Multicolumn or pile bent or frame bent piers are composed of two or more column that supports a cap. Isolating footing is used for this type of piers if the spacing between columns are large otherwise combined footing would be more suitable. There is a problem of debris collection when the water is allowed to flow between the columns.

Fig. 8: Pile Bent
Fig. 9: Pile Bent Pier

2.4 Pile Pier or Pile Bents

Pile pier is the modification of multicolumn bent and used for the type of bent on low height and short span structure. So, pile pier or pile bents are specified when the ground is unstable and the low piers are required.

2.5 Trestle Pier or Trestle Bent

Trestle pier is composed of column with bent cap at the top. It is suitable for bridges in locations where river bed is firm and water current is slow. It is also employed for flyovers and elevated roads.

Fig. 10: Pile Trestle

Based on Construction Materials

3. Masonry Piers

This may include stone masonry and brick masonry. Masonry piers are generally massive that may lead to obstruction of linear waterway and increase the loads on foundations.

Masonry solid shaft piers are built on open raft foundation where the possibility of scour is nil. Pile foundations are also possible for such type of piers.

4. Mass Concrete Piers

Similar to masonry piers, Mass concrete piers massive which in turn obstruct linear waterway and increase loads on foundation. Pile foundations can be used for mass concrete piers.

Additionally, open raft foundation is used for mass concrete solid shaft piers provided that scouring is not anticipated. In mass concrete piers, no reinforcement is required from structural considerations but nominal reinforcement is provided for temperature and shrinkage effect.

Fig. 11: Mass Concrete Piers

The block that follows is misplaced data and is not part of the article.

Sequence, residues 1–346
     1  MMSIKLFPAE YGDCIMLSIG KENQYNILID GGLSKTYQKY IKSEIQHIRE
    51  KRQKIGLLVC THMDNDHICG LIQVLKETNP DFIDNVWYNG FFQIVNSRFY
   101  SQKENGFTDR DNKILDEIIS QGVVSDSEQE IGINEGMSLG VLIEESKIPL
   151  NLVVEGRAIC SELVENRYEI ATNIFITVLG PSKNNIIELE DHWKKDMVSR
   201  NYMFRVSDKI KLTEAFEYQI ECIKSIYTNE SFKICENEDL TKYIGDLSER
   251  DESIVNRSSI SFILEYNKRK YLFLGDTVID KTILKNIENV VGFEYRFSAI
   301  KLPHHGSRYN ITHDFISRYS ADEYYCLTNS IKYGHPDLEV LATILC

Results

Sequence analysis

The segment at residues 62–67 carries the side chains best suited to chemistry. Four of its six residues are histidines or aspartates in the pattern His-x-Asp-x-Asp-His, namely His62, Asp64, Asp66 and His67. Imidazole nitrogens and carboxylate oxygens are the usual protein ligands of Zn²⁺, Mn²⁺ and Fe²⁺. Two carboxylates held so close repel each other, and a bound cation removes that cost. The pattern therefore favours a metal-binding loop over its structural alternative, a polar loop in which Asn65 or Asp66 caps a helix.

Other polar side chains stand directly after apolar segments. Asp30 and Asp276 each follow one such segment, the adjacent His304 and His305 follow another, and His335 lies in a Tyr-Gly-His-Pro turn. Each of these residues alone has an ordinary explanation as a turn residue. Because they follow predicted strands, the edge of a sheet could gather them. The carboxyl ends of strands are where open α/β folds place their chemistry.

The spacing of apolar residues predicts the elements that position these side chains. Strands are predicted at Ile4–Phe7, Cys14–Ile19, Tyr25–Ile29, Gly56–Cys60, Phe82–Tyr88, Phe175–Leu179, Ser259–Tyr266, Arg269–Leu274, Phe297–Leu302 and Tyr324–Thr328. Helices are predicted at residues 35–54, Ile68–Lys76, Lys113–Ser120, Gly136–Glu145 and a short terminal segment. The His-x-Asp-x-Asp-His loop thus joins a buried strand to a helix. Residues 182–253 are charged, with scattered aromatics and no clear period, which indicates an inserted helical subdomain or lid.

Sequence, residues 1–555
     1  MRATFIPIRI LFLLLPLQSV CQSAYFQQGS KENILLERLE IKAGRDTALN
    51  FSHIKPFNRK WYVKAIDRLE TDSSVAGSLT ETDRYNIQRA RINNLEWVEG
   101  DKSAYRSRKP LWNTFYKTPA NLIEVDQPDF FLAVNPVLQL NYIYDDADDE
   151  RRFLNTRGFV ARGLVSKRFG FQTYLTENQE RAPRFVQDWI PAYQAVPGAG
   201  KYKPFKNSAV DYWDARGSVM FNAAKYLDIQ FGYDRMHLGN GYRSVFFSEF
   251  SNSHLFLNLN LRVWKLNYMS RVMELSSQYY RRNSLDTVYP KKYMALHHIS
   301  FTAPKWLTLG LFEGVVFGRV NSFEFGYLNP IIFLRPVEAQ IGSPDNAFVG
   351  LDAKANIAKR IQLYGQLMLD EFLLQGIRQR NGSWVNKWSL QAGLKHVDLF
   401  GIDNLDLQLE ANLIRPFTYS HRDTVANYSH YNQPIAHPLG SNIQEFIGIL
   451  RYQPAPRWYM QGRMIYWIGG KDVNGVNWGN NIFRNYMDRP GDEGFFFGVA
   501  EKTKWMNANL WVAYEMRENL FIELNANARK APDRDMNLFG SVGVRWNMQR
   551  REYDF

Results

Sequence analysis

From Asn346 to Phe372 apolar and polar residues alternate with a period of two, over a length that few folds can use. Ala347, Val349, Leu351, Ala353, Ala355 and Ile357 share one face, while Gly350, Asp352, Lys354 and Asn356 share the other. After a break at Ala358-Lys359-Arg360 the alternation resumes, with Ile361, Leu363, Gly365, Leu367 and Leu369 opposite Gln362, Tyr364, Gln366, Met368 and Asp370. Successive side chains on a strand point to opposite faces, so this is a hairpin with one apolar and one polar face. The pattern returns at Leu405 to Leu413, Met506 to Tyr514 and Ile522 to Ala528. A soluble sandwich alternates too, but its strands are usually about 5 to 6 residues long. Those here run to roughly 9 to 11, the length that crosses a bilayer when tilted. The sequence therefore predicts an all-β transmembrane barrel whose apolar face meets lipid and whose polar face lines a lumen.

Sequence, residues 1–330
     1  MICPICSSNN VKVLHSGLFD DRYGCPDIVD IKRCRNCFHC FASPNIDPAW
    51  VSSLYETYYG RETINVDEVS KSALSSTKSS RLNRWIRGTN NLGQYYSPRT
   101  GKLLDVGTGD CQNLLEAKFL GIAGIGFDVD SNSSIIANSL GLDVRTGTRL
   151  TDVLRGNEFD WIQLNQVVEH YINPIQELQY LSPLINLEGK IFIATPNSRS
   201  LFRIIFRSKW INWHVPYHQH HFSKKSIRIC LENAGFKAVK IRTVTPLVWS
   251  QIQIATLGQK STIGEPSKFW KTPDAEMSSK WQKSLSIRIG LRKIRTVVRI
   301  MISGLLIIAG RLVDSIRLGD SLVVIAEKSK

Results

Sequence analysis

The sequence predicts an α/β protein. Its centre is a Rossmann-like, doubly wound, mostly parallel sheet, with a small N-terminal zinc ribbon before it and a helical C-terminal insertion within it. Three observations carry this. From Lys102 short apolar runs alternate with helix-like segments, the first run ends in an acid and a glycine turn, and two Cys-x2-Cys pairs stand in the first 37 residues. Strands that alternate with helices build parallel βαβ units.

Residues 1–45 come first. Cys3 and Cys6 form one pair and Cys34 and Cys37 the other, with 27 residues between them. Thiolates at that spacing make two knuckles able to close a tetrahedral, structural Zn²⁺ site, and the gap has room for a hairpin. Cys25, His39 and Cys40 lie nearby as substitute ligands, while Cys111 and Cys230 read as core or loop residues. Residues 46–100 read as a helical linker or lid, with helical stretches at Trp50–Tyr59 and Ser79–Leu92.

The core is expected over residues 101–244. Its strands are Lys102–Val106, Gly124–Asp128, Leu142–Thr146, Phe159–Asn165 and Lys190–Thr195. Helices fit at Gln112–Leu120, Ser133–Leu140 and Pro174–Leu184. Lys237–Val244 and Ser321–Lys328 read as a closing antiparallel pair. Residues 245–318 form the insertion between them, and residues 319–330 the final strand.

5. Reinforced and Prestressed Concrete Piers

Reinforced concrete or prestressed concrete piers have small cross- sectional area compare with masonry and mass concrete piers. That is why such pier require much less foundation area in addition to offering less obstruction to waterway.

Reinforced concrete or prestressed concrete cellular piers arc suitable for major bridges where both the span and the depths are considerable and the self-weight of the piers should be as minimum and the section modulus as maximum as possible.

For reinforced concrete piers, the percentage of longitudinal reinforcement should neither be less than 0.8 nor more than 8 per cent of the gross cross-sectional area. Where brick and stone materials arc costly, it is generally found economical to use reinforced concrete or prestressed concrete piers.

Based on Load Transfer Mechanism

6. Fixed Piers

Fixed piers support a fixed bearing and subjected both to transverse and longitudinal forces

7. Free Piers

Free piers support free bearings and transfer only axial forces from the bearing to the foundations.


8. Hammerhead or Cantilevered Piers

Hammer head pier, which is also termed as solid shaft pier, has a single solid concrete cross section upon which a cap is placed. This type of pier is used to support steel girder or precast prestressed concrete superstructures. It is mostly constructed in urban areas where space limitation is a concern. Not only does it aesthetically pleasing but also occupy small spaces, thereby providing more room for the traffic underneath.

Generally, spread footing are recommended as a foundation for hammerhead piers. The major axis of solid shaft pier shall be in the direction of the stream flow otherwise circular or small rectangular cross section need to be selected. Standards for the use of hammerhead piers are often maintained by individual transportation departments.

Fig. 12: Hammerhead Pier

9. Special Shaped Bent

Fig. 13: Special Shaped Bent

10. V Shaped Concrete Pier

Fig. 14: V shaped Concrete Piers

11. V Shaped Steel pier

Fig. 15: V Shaped Steel Pier